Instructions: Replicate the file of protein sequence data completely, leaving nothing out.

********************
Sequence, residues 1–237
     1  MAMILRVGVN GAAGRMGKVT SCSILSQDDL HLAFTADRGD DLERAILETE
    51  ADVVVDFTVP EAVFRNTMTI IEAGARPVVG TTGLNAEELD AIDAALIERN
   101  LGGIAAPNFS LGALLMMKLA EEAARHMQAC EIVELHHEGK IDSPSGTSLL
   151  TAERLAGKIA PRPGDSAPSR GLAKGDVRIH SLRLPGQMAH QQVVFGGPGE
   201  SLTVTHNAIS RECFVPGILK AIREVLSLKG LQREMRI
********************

Sequence, residues 1–237
     1  MAMILRVGVN GAAGRMGKVT SCSILSQDDL HLAFTADRGD DLERAILETE
    51  ADVVVDFTVP EAVFRNTMTI IEAGARPVVG TTGLNAEELD AIDAALIERN
   101  LGGIAAPNFS LGALLMMKLA EEAARHMQAC EIVELHHEGK IDSPSGTSLL
   151  TAERLAGKIA PRPGDSAPSR GLAKGDVRIH SLRLPGQMAH QQVVFGGPGE
   201  SLTVTHNAIS RECFVPGILK AIREVLSLKG LQREMRI